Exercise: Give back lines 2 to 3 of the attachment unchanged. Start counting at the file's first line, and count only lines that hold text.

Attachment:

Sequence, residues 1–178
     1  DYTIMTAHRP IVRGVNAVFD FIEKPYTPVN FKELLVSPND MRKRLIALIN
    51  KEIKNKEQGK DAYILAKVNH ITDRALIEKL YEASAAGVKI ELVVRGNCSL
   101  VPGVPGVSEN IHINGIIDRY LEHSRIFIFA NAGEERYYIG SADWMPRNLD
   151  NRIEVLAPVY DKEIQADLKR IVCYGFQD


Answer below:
     1  DYTIMTAHRP IVRGVNAVFD FIEKPYTPVN FKELLVSPND MRKRLIALIN
    51  KEIKNKEQGK DAYILAKVNH ITDRALIEKL YEASAAGVKI ELVVRGNCSL